Websummit 2014 is on! Guerilla mentoring is here!

November 4th, 2014 No comments

As well as attending the 2014 websummit in Dublin over the next 3 days, I will be offering free #guerillamentoring to any startups who are interested.


Tweet me @billylinehan so we can connect and arrange to have a coffee together.


Starting a business in Ireland? You might be interested in an objective view of the range of government supports, which ones make sense for your business at this stage?


Like all countries there are a plethora of supports for startups, most of value to specific groups BUT at the right place and more importantly at the right time. Some programmes are PR driven, whether supported by public or private sectors.


Me, I specialise in offering strategic planning through workshops, cooperative business plans &  business planning and practical business mentoring.

Enjoy the summit!


Celtar business and management consultants



4 Myths of Entrepreneurship, and Ireland

September 18th, 2014 No comments

With the advent of the most hyped web summit to date, it  is worth reflecting - based on solid research elsewhere - on the support for entrepreneurs and ‘ordinary’ businesses in Ireland.

Probably one of the most intelligent sources of research on entrepreneurship that I have come across in recent years emanates from the Kaufmann Foundation based in Kansas City, USA, says Billy Linehan of Celtar.


Dane Stangler of Kaufmann delights in challenging all of us in the enterprise support community – and Enterprise Ireland in our local context – by demolishing commonly held assumptions about

- small business and job creation

- the typical age range of successful entrepreneurs

- why governments and local authorities should stop trying to copy and re-create mini ‘Silicon Valleys’

- and that incubation centres are NOT effective in launching early-stage companies


I love this animated sketchbook, see it at




“There are several areas in which I think our research and the research of those we fund has been making headway in, if not disproving, at least pushing back against conventional wisdom or what turn out to be myths,” Stangler says in the three-minute animated video.

“Myth-busting Entrepreneurship,” notes four commonly held beliefs and attempts to set the record straight.

  • Challenging the notion that small business plays the most important role in growing the economy, Stangler notes that the age of the firm is a more important variable than the size of the firm.  “It’s new and young companies that create most jobs and innovations, not necessarily small companies,” he says. (This is accepted by most commentators in Ireland, except possibly ISME and the SFA?)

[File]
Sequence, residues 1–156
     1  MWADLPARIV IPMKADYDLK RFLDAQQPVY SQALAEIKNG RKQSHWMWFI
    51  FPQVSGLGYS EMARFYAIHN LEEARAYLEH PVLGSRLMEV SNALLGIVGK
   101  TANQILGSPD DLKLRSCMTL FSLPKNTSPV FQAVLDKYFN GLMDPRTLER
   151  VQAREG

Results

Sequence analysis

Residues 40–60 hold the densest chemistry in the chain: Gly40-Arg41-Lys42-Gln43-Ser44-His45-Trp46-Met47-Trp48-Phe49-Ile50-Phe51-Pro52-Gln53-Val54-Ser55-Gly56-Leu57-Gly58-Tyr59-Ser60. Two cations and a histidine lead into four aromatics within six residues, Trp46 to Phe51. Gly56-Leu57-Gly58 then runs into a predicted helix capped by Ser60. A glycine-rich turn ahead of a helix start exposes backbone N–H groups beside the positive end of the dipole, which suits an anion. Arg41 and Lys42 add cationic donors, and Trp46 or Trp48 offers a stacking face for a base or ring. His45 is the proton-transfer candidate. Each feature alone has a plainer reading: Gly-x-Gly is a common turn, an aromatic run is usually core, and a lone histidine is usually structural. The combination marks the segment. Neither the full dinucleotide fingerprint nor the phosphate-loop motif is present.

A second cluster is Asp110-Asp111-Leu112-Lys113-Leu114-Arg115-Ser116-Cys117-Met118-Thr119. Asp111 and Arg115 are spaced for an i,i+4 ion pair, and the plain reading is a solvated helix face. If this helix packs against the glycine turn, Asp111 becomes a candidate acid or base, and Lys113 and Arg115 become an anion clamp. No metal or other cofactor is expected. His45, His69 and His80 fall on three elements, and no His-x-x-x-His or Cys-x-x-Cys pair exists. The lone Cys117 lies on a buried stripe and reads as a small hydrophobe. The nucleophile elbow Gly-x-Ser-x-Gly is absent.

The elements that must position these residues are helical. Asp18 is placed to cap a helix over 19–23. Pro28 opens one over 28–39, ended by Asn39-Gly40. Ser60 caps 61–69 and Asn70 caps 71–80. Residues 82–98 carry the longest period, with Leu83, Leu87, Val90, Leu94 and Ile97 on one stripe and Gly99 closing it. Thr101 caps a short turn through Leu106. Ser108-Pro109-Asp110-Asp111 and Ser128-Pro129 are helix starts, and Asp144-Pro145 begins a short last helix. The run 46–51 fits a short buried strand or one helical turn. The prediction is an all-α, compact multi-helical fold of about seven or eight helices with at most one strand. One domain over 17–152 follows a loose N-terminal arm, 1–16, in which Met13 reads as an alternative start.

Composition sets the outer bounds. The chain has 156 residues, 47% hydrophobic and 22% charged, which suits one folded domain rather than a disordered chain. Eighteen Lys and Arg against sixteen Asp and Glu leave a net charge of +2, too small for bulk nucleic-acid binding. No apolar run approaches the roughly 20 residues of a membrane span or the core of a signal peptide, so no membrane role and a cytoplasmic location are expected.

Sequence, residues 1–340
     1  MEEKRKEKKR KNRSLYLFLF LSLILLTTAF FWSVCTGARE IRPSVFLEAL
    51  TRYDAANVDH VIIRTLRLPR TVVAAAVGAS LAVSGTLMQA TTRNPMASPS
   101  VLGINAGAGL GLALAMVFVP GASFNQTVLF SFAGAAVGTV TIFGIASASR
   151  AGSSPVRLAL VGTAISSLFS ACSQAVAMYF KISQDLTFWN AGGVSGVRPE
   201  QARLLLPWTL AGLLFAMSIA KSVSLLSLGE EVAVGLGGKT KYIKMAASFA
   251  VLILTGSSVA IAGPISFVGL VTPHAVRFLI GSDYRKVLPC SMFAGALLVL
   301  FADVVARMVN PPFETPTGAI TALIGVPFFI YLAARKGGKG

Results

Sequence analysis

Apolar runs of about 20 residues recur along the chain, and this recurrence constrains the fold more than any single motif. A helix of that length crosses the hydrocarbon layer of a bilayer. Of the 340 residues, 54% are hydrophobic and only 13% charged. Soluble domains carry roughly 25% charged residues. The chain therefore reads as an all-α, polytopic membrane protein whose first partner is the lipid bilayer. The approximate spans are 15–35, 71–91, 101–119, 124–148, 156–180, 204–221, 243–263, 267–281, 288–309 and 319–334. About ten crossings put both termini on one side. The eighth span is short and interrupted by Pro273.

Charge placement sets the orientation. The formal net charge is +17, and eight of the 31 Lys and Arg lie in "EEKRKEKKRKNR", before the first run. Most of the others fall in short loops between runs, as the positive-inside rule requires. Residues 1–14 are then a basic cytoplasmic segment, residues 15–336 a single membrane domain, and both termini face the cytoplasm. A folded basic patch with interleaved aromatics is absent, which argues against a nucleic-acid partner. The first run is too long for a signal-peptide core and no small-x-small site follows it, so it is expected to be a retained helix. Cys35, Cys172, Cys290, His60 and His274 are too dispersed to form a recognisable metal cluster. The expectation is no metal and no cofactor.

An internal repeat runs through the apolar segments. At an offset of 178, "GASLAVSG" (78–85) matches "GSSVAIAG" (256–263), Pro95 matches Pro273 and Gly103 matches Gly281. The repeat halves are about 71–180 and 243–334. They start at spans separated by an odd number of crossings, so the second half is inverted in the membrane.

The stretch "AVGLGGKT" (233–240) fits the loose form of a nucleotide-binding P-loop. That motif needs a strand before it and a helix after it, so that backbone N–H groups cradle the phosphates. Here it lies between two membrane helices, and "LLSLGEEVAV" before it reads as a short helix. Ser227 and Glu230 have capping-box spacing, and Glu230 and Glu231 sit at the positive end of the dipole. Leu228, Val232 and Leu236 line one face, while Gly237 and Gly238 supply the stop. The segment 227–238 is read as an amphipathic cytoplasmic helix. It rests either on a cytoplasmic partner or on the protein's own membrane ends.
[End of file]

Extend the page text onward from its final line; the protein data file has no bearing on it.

• He cites multiple studies that refute the popular stereotype that most entrepreneurs are 23-year-olds starting tech companies in their local coffee shop or their bedroom.  “By and large,” he says, “the ‘peak age’ for starting a company is in the mid to late 30s, early 40s.” (majority of Enterprise Ireland startup support and PR has been targeted at young men in their 20s, though this is slowly changing)


  • Stangler warns against efforts to recreate Silicon Valley in the hopes of creating a hotbed of high-tech startups. “Silicon Valley is a very unique place that’s never going to be replicated.  We all need to stop trying to be a Silicon fill-in-the-blank, not just in the U.S., but anywhere around the world,” he says. (time for Enterprise Ireland, Dublin City Council, #startupireland and Dublin chamber of commerce to consider their approach to tech startups in Dublin?)


  • More recently, Stangler and the research team at Kauffman have been examining the role of business incubators to launch early-stage companies. “Most research shows that incubators are not effective at all for actually producing companies,” he says. (politicians will loathe losing the opportunity and kudos of creating bricks and mortar incubation centres all over the country, and Enterprise Ireland and Forfas might review their relevant investment and job creation policies)


Stangler concludes by acknowledging the importance of harvesting more research to uncover myths and propose constructive alternatives.

State agencies, colleges and state funded quangos in Ireland must continually review their enterprise development policies, justify their expenditure and demonstrate on our behalf the return of their investments .


See more about the foundation at www.kauffman.org


Billy Linehan is MD of Celtar, business advisers, Ireland



Thank you for reading

The One Hour Business Plan – practical planning for your business

June 14th, 2014 No comments

Introduction to the One Hour Business Plan

Preparing  a presentation on business planning I came across the idea of a One-Hour-Business-Plan. The blog post was written by Caroline Cummings who works for the business plan specialists, Liveplan.com . She suggests that a channel Twitter approach could be used in writing a plan, with each section of less then 140 characters!

Writing a business plan can be painful: I don’t know anybody who likes writing their business plan, it is a task most people avoid till the last moment. The One Hour approach limits this pain, takes away the stress and gives you a worthwhile outcome.

Our Experience: There are a lot of benefits in writing a short business plan using the One Hour Business Plan model, and then expanding on it later. Achieving a quality result in a short time is great for those who have huffed and puffed about starting to write a plan, and find it a daunting prospect.

Business plan content should always be challenged and assumptions cast aside. So it  is beneficial to invite a friendly business adviser with an external perspective to participate in the planning with you. 


 Steps to create a one hour business plan:

  • Prepare by thinking about answers to the questions
  • Grab a whiteboard / flipchart / large piece of paper
  • Ask an independent business adviser to work with you, and facilitate the exercise
  • Start writing!


  1. A one-sentence description about your business. (Value Proposition)
  2. The “problem” your product is responding to by being in the market. (the Market Need)
  3. A description of your products (photos are always appreciated). (Your Solution)
  4. Who else in the market is doing similar things and why your products are better?(Competition)